Prolific Writer J. California Cooper passes away
J. California Cooper, a prolific writer known for her folksy style as well as for stories of women stained by betrayal and violence, is no more.
Cooper’s daughter Paris Williams confirmed on Tuesday that the award-winning writer died last Saturday at age 82. She had been ill for quite some time. She experienced many heart attacks over the past few years.
Living for most of her life in Northern California, Cooper wrote more than a dozen plays until Pulitzer Prize winner Alice Walker suggested that she should switch to short stories and novels. Walker made the suggestion after seeing one of her plays.
Speaking about her mother, Williams said, “Her advice to my mother was you should write short stories or novels because it was easier to get paid. She went home and wrote 12 stories.”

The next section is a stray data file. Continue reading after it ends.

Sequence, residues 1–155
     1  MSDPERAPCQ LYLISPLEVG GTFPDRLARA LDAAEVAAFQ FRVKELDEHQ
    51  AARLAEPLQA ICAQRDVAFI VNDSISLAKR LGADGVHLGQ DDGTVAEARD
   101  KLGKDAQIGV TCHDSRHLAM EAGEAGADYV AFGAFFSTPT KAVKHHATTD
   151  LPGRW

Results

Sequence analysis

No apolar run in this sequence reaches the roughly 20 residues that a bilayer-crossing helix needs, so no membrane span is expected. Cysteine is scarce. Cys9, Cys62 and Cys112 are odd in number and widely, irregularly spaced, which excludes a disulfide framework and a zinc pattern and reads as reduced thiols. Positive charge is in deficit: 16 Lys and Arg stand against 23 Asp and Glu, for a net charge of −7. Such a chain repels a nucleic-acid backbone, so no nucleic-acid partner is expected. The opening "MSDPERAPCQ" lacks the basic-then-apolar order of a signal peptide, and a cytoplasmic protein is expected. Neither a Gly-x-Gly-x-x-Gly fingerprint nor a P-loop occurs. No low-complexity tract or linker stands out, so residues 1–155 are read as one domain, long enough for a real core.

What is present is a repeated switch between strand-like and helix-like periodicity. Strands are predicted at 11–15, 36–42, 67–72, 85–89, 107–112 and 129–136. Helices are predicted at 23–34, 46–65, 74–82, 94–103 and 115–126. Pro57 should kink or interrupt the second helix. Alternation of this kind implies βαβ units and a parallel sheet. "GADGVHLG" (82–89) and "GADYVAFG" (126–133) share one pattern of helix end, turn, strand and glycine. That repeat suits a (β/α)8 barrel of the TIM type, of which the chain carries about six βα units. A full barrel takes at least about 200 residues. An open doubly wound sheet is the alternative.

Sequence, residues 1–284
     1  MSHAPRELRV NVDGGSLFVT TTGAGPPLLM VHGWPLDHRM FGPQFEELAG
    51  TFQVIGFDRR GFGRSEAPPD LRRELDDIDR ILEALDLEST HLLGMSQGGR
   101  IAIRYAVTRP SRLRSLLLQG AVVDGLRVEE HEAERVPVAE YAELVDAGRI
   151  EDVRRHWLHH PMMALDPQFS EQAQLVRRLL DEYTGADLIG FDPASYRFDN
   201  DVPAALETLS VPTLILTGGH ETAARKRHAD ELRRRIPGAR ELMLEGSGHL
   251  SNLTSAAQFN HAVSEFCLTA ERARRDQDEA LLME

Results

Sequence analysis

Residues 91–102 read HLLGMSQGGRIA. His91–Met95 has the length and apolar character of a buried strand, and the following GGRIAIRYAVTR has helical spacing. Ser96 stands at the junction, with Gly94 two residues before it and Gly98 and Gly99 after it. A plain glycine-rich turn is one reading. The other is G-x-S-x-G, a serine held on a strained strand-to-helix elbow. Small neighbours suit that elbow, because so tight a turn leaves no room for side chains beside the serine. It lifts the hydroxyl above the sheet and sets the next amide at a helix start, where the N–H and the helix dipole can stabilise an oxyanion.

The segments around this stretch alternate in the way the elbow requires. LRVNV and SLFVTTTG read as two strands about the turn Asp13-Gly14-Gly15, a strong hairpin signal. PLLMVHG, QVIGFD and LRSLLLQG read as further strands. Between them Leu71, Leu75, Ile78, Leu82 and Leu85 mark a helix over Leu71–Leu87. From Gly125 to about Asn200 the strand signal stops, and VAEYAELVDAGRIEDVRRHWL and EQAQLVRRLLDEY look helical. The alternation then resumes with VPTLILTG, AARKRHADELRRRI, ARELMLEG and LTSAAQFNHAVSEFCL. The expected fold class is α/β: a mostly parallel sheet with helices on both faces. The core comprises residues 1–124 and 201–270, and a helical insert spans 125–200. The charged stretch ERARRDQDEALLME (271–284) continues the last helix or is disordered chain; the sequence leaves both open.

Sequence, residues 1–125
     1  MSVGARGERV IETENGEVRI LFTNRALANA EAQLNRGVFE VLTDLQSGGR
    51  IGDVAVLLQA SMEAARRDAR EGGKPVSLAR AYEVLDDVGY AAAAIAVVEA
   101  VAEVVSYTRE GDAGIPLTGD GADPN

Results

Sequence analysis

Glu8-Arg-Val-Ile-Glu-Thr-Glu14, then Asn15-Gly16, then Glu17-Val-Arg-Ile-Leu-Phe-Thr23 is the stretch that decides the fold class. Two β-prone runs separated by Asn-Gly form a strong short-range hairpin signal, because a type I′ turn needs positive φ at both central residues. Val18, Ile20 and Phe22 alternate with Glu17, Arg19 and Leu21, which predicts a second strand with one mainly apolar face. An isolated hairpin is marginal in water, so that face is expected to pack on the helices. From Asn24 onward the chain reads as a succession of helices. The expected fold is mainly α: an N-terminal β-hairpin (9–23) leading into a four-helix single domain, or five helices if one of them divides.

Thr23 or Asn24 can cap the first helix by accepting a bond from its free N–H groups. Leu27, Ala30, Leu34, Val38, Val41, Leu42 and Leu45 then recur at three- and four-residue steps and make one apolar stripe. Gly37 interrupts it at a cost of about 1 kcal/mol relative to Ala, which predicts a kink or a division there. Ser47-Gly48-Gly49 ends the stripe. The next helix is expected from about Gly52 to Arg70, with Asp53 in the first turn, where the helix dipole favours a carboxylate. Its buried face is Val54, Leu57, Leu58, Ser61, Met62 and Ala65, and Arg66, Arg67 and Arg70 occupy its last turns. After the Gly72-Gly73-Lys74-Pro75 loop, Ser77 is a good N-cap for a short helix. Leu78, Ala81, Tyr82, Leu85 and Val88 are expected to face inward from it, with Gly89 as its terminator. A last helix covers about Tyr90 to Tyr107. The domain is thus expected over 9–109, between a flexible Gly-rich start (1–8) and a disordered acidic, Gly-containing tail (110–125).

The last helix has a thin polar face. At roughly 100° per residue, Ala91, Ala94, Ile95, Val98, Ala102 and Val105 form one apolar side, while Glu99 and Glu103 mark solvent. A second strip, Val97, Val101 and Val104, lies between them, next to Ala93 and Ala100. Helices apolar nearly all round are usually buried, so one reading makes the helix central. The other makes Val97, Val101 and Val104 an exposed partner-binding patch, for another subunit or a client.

Walker, who had just been bestowed with "The Color Purple" honor, helped Cooper by publishing her book of stories at her own publishing house. In addition, the writer helped Cooper in getting one of her stories published in Essence magazine and the story book took off from there.
Cooper was a very hard worker, who worked a variety of jobs. Her daughter revealed that she worked as a teamster on the Alaska pipeline, a manicurist to pay the bills, and an escrow officer. Writing was something that she always did.
Cooper was bestowed with the prestigious James Baldwin Writing Award as well as the Literary Lion Award by the American Library Association.
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